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Almost every few hours for a week I’ve been getting messages from my Facebook acquaintances with links to some phishing sites. These are not even very sophisticated messages — instead, they’re random links to utterly evil sites such as atreps.at, greenbuddy.be and nudz.ru. There have been reports of these phishers using TinyURL Web address shorteners. Some have subject lines such as “Look at This” or “Hello.” According to Inside Facebook, these attacks impact less than 1 percent of Facebook users.
With around 225 million users, that works out to about 2.25 million people affected by these spam messages. Given that I have thousands of friends on Facebook, the problem seems to be particularly severe for me. (Take our poll below to let us know if you have been impacted by this spam.) The intensity of these phishing attacks has been escalating. Even though Facebook isn’t alone in facing these problems, it is certainly the largest social network to encounter them. Facebook has still not been able to fix the month-old problem that is spreading. It has some suggestions on how to avoid these scams, but I don’t think it is enough. If there is any upside of walled garden communities, it is that they should be able to avoid these kinds of problems.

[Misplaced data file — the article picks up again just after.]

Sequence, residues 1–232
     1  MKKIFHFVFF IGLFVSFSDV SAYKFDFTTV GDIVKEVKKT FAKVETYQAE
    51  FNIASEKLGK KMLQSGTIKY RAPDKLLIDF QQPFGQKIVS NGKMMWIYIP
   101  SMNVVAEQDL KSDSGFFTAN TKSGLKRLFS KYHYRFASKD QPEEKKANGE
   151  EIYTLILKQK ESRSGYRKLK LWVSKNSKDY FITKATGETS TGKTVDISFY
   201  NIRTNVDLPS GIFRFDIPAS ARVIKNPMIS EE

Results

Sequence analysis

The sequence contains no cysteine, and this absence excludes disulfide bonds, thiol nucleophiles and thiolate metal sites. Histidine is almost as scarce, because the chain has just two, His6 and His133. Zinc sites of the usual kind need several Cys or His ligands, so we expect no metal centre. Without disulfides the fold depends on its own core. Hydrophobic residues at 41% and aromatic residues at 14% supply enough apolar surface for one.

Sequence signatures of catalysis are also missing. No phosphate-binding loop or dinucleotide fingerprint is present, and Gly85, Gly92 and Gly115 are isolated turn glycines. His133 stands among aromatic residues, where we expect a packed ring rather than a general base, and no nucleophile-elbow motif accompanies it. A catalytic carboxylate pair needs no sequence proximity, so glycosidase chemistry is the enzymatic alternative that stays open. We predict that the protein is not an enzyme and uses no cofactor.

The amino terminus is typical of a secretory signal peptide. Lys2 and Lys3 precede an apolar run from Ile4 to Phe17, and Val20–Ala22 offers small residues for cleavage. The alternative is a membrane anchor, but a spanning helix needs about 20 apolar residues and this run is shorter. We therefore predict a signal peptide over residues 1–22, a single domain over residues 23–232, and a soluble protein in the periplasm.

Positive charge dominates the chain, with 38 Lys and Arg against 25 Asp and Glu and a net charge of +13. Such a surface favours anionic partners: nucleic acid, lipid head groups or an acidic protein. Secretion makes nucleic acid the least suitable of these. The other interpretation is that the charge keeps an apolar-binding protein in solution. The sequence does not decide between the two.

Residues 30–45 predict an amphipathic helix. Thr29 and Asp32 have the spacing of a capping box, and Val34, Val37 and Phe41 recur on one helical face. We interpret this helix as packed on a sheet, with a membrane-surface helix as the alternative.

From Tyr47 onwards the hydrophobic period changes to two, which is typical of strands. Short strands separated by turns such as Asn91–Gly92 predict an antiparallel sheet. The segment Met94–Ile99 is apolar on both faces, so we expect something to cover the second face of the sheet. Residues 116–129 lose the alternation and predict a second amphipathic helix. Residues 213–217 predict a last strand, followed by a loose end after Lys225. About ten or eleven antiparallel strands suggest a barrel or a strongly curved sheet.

What’s worse, is that these spam messages prompt “group responses” from people who either decry them as junk or warn people not to fall for them. The more such messages, the less useful Facebook becomes as a communications platform. Facebook management needs to understand that these attacks are a clear and present danger for their platform.